I mean, we didn't really hide the eggs — they were all in plain sight — but I didn't expect him to immediately know to take his basket and gather them up. He barely needed any guidance in finding all of them. Maybe I've underestimated the tyke.

We were careful to hold the egg hunt indoors. As I've discussed before, we're trying to teach him to stop picking up trash in the street. Holding an outdoor activity where we seemed to be encouraging him to do exactly that would probably undo all our hard work.

Colored eggs = good. Cigarette butts = bad.

Sunday, April 04, 2010

BuboBlog Reviews 'The Ghost Writer'

I'm sure I really disappointed my Czech fans this weekend. I had a chance to see "Clash of the Titans" and provide a review; instead, we went to "The Ghost Writer." Apparently Kelly wasn't impressed with the 31 percent Rotten Tomatoes rating assigned to "Clash." (She also doesn't seem to care that my site is a noted resource for "Clash of the Titans" news among Czechs.)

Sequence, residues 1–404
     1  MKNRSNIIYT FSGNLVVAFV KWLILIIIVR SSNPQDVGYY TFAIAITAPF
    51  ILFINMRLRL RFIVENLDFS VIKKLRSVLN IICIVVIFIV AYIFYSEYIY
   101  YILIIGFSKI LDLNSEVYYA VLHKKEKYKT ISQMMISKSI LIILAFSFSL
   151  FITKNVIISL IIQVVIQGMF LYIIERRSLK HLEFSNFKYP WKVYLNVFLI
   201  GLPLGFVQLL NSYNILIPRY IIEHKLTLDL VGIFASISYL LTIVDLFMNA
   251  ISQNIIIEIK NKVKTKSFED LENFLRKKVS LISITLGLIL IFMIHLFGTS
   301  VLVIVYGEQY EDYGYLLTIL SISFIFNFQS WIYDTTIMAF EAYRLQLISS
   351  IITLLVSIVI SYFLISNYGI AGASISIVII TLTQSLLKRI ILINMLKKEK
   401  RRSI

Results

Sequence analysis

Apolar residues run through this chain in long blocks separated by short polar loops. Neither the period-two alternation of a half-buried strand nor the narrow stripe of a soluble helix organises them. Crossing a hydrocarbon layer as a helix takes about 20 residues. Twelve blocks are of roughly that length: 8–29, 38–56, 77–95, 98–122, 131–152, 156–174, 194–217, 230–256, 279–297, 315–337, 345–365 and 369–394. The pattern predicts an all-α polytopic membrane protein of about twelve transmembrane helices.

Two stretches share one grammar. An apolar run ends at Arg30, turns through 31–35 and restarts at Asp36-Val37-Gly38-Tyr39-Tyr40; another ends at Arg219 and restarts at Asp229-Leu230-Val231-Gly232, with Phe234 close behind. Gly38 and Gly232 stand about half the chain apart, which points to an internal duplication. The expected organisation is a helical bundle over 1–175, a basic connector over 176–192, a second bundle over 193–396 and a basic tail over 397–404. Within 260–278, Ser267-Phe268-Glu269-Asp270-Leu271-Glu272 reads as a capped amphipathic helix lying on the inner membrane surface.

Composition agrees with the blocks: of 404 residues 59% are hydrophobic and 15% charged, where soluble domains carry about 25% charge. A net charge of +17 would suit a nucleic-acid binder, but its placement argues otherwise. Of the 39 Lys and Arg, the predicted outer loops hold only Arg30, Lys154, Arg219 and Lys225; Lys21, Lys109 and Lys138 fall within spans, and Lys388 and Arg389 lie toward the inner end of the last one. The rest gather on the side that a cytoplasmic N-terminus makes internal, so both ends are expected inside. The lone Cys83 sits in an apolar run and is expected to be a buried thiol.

With that said, I enjoyed "The Ghost Writer." It was one of those intense, yet slowly paced thrillers that hark back to the 1970s. The twist is pretty easy to predict, and I found the ending a bit flat. But frankly, that's also a hallmark of 1970s thrillers (watch the end of "French Connection" and it's like, "Oh, I guess the movie is over now.").

The film is mostly set on Martha's Vineyard, though it was actually shot on the German island of Sylt. The director, Roman Polanski, is a fugitive from U.S. prosecution, so filming on location wasn't an option. Oddly enough, the movie is about a former prime minister who uses the United States as a sanctuary from international law. (Since I'm sure others have noted this irony, I won't dwell on it.) I was surprised in some ways by how much Sylt looked like a Northeastern U.S. island, though it actually seemed a bit more like Southampton than Martha's Vineyard. I found it harder to suspend disbelief when the main character (played by Ewan McGregor) travels to Belmont, Mass., where my aunt and uncle live. Belmont looks much more rural in "The Ghost Writer" than in real life. Maybe they should have just made up a town name.